LONDON — A study from the University of Cambridge says China's share of global bitcoin mining has fallen this year. Meanwhile, Kazakhstan has now risen to become the world's third largest player in the industry.
The research, published Thursday, July 15 by the Cambridge Center for Alternative Finance, shows China accounted for nearly half (46%) of the power used for bitcoin mining in April, down sharply from 75.5% in September 2019. That was before the authorities. ordered a crackdown on cryptocurrency mining.
Kazakhstan saw a nearly sixfold increase in its share of global bitcoin mining. In the same period, it rose to 8.2% from 1.4%. Meanwhile, in the US, it rose to 16.8% from 4.1% and took second place. While Russia and Iran are the fourth and fifth largest countries for bitcoin mining, respectively.
Bitcoin mining, where transactions are validated and new units are produced, is a very energy-consuming process. Computers around the world are racing to solve complex mathematical puzzles to make transactions work. Whoever wins this race is rewarded in bitcoin.
The increase in the price of bitcoin over the years has prompted more people to mine the cryptocurrency, leading to the creation of an entire industry focused on the manufacture and sale of crypto mining equipment. The more people who mine bitcoin, the more energy it consumes.
That has raised concerns about bitcoin's potential impact on the environment. This is because most of the mining is done in China, which relies heavily on coal power. Authorities in several prominent Chinese regions, including Sichuan, Xinjiang and Inner Mongolia, have suppressed crypto mining in recent months.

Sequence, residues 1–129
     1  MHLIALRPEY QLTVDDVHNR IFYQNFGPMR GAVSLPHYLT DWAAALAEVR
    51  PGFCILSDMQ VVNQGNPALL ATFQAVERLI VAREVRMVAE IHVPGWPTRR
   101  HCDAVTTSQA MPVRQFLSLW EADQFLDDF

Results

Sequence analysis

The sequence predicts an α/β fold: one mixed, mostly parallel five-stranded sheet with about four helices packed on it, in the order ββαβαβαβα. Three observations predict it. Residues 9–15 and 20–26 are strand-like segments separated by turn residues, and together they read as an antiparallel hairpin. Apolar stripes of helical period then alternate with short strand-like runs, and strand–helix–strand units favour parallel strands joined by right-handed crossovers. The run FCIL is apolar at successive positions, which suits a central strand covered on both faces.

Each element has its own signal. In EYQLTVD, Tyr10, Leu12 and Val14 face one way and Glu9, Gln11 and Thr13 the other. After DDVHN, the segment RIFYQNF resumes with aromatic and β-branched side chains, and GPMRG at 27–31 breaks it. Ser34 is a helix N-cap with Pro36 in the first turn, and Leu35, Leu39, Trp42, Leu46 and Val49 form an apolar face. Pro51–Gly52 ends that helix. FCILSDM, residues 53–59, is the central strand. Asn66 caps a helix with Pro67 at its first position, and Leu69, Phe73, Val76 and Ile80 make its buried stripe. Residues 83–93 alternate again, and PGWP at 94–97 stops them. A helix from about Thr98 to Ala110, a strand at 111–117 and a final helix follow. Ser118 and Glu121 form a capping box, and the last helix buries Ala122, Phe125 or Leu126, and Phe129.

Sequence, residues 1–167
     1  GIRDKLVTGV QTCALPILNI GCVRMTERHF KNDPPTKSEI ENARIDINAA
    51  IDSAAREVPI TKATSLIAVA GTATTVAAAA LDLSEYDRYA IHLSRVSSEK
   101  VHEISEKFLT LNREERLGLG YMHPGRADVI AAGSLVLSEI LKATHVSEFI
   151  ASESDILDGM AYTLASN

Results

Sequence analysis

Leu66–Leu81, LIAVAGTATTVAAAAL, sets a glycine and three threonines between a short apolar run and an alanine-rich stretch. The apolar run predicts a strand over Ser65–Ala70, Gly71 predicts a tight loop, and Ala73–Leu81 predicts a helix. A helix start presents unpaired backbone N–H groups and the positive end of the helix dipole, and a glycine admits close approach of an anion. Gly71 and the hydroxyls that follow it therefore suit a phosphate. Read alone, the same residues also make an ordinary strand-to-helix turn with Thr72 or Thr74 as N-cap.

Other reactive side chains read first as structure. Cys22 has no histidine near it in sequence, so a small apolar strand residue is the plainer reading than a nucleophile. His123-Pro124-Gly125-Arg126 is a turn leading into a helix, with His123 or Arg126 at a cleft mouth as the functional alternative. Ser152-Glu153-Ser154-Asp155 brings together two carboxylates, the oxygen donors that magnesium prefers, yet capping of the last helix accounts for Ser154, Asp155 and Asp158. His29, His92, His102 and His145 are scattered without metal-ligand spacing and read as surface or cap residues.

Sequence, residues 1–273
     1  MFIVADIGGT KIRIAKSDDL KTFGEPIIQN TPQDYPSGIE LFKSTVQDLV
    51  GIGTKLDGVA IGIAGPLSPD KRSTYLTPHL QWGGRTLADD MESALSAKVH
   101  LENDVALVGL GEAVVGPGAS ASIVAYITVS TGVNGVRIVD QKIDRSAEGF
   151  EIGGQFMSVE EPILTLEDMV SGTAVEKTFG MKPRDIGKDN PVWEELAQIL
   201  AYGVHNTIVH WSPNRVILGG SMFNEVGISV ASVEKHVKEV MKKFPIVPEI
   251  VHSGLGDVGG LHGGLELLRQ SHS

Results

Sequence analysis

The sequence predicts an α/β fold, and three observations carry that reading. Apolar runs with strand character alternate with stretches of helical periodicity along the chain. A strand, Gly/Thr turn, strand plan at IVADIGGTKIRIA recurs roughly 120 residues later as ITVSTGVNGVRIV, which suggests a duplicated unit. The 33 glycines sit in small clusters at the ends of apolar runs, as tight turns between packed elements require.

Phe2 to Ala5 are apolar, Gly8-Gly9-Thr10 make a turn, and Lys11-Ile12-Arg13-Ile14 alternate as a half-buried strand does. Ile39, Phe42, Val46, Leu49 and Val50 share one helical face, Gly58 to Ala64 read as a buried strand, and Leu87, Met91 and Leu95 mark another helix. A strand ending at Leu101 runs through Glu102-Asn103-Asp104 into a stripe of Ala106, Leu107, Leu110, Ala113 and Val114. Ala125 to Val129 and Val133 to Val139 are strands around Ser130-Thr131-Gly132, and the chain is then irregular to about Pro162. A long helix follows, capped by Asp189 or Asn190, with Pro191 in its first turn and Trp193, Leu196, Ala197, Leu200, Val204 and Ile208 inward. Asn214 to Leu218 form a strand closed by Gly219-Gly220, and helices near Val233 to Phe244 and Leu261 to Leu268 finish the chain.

But Cambridge researcher Michel Rauchs said bitcoin's energy mix is difficult to determine. In the rainy season, Chinese miners often flock to Sichuan, a hydropower-rich province in the southwest.
Rauchs data shows Sichuan's share of the total bitcoin mining power in China increased to 61.1% from 14.9% at the start of the rainy season to its peak. While the province of Xinjiang decreased to 9.6% from 55.1% in the same period.
It also shows many bitcoin miners had left China for neighboring Kazakhstan, the former Soviet Union, before the crypto crackdown in June. According to Bloomberg, Kazakhstan has more than 22 gigawatts of electric power capacity, most of which comes from coal and gas stations.
Rauchs, who leads digital assets at the Cambridge Center for Alternative Finance, created an index in 2019 to show how much energy bitcoin consumes. The academic said that he is working on a new model that describes the environmental impact of bitcoin mining.
Bitcoin's poor environmental credentials have made it a controversial asset at a time when social and environmental responsibility is a major concern for investors. In May, Tesla CEO Elon Musk said he would stop accepting bitcoin for vehicle purchases unless mining the transition to more sustainable energy.
Musk then tweeted in June that the company would resume bitcoin transactions after confirming miners' reasonable use of clean energy.
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